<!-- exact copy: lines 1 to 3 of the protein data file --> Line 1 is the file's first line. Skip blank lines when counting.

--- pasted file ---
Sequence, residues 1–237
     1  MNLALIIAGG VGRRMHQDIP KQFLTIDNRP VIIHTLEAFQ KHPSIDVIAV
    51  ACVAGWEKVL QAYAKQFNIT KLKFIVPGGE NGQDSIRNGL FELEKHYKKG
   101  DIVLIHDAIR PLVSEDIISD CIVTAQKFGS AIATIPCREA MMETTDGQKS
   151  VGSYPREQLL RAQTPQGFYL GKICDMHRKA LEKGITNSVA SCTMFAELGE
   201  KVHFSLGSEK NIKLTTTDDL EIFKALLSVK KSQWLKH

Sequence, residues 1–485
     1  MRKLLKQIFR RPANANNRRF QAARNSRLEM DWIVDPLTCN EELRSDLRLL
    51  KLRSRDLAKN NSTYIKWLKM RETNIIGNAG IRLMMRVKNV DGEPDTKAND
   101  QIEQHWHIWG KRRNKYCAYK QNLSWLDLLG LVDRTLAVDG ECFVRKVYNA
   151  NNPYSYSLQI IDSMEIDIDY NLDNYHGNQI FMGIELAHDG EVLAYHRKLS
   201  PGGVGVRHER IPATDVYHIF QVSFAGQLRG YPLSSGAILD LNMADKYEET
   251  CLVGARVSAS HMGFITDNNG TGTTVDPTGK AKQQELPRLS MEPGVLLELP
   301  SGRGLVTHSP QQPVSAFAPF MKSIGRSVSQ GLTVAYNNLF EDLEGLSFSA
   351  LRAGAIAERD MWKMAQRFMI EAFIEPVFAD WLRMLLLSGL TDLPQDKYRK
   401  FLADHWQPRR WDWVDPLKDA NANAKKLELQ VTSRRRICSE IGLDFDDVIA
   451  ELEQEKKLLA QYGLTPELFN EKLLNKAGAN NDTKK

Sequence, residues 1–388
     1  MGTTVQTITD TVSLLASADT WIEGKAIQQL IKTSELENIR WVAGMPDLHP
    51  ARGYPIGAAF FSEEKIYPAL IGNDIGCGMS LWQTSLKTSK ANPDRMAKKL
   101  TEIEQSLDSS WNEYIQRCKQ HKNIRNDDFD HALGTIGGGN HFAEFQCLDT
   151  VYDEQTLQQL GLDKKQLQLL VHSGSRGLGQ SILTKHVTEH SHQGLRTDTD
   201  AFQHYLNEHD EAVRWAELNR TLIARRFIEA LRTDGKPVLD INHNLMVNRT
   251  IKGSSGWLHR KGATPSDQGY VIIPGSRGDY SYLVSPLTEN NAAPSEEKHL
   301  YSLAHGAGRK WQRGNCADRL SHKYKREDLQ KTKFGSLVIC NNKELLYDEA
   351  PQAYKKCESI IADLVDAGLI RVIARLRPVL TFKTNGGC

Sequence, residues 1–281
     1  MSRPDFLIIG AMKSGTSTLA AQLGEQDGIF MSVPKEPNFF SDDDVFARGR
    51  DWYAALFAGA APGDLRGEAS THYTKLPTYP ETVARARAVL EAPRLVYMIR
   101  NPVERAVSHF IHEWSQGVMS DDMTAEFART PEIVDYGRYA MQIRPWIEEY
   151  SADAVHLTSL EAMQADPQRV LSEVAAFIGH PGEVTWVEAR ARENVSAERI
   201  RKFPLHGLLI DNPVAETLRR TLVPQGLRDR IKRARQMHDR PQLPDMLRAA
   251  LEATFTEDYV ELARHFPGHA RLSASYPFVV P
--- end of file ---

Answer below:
Sequence, residues 1–237
     1  MNLALIIAGG VGRRMHQDIP KQFLTIDNRP VIIHTLEAFQ KHPSIDVIAV
    51  ACVAGWEKVL QAYAKQFNIT KLKFIVPGGE NGQDSIRNGL FELEKHYKKG